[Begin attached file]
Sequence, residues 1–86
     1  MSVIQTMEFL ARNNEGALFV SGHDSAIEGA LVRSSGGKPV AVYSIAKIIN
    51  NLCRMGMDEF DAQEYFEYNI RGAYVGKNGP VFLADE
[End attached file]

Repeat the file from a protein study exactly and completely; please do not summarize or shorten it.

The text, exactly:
Sequence, residues 1–86
     1  MSVIQTMEFL ARNNEGALFV SGHDSAIEGA LVRSSGGKPV AVYSIAKIIN
    51  NLCRMGMDEF DAQEYFEYNI RGAYVGKNGP VFLADE